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British soldiers and chaplain honor those killed in war.  Not all those buried at the cemetery served in the military. The most famous civilian grave may be that of Hungarian-born British archaeologist Aurel Stein, famed for his exploration of the “Silk Road” across Central Asia. He was denied permission to enter Afghanistan for many years. Finally allowed to enter in 1943, he died in Kabul that year.
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( Paula Bronstein / Getty Images / November 11, 2009 )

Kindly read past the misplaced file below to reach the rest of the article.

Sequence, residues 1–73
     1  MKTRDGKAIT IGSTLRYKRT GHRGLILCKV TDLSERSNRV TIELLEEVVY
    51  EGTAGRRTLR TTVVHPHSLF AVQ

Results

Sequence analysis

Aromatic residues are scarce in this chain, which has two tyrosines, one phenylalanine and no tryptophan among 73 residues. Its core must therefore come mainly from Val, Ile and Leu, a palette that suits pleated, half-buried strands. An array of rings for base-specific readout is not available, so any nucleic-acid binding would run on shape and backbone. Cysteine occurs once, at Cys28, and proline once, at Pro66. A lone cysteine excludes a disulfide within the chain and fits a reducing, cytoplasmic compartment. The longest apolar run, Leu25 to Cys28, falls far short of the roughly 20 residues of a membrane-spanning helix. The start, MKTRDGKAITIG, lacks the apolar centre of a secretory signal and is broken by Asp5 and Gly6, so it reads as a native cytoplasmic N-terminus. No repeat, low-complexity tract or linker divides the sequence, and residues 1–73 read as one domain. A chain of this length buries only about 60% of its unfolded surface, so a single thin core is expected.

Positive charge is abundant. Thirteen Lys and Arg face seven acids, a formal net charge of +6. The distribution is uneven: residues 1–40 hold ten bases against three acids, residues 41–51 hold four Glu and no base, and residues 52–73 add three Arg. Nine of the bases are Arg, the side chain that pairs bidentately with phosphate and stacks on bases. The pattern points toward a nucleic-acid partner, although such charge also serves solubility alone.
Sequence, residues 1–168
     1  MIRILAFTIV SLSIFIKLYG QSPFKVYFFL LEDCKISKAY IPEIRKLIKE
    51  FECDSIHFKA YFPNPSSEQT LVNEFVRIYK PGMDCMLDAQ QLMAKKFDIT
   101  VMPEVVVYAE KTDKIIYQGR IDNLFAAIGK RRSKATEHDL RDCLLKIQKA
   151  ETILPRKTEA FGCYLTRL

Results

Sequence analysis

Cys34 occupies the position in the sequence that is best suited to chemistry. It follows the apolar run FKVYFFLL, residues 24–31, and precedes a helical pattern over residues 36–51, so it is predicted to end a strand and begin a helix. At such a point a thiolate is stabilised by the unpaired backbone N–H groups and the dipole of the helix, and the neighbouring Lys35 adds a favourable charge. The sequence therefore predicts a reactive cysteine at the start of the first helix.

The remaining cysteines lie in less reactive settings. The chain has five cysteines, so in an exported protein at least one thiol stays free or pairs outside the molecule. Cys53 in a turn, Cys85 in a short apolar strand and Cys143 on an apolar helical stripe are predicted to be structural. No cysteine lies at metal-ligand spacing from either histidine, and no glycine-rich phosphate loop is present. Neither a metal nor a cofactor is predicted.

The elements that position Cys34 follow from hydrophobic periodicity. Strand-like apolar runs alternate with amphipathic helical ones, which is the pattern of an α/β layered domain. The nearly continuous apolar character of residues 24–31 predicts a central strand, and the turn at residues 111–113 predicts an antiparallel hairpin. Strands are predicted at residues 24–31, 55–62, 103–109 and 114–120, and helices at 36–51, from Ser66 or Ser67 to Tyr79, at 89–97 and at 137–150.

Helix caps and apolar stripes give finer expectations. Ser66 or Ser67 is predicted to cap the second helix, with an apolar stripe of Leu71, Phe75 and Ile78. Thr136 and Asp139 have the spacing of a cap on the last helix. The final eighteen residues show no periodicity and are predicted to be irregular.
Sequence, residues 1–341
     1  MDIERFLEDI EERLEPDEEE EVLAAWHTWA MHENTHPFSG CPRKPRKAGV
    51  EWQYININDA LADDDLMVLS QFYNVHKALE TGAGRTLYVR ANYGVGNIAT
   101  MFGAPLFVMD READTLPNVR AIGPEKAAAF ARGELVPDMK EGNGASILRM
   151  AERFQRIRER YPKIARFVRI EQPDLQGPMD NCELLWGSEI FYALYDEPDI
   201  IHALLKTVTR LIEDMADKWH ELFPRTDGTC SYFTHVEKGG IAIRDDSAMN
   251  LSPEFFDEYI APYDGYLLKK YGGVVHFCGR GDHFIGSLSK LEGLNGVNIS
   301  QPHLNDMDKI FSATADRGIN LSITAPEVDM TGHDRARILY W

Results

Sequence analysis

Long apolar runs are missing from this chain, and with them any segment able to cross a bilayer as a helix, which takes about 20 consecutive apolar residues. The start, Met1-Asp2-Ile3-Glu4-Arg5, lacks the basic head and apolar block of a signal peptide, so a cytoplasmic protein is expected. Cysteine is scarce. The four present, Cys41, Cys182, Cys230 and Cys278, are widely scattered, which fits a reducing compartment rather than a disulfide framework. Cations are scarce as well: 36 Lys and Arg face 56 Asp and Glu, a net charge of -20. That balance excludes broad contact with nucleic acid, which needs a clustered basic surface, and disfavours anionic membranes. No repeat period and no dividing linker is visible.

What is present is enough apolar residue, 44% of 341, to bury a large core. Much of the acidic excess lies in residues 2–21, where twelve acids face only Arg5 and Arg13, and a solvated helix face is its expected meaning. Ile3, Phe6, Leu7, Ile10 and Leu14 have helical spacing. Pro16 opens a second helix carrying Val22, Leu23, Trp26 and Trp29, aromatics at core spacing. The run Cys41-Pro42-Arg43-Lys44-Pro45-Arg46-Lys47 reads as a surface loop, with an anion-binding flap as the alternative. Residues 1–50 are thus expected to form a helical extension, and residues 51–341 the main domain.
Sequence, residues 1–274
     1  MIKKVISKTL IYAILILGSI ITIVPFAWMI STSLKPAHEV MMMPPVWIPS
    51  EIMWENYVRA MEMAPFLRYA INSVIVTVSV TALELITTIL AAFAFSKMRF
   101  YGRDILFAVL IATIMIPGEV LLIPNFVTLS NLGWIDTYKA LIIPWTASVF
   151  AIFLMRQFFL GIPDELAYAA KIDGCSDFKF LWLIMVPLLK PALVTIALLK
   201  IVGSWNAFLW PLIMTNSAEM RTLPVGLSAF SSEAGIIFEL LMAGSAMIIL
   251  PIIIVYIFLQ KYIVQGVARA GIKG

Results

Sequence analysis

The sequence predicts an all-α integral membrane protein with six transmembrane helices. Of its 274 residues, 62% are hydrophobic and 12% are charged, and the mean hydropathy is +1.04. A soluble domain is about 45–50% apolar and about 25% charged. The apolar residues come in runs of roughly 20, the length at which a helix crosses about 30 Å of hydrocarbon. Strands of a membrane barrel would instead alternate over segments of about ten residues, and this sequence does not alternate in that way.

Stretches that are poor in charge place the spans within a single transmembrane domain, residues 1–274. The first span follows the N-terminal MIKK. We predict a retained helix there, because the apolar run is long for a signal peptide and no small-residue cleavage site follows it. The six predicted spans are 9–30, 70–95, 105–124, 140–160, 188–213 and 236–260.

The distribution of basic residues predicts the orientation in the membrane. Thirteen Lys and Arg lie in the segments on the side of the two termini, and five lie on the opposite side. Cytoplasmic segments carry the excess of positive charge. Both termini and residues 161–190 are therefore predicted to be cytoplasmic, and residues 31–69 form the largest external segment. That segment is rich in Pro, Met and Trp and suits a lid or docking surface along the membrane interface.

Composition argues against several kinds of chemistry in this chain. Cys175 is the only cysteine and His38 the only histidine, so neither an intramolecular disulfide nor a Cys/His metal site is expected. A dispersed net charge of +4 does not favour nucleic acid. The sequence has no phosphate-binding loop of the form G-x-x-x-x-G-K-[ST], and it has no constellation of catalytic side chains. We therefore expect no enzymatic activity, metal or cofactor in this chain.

British soldiers and chaplain honor those killed in war. Not all those buried at the cemetery served in the military. The most famous civilian grave may be that of Hungarian-born British archaeologist Aurel Stein, famed for his exploration of the “Silk Road” across Central Asia. He was denied permission to enter Afghanistan for many years. Finally allowed to enter in 1943, he died in Kabul that year.

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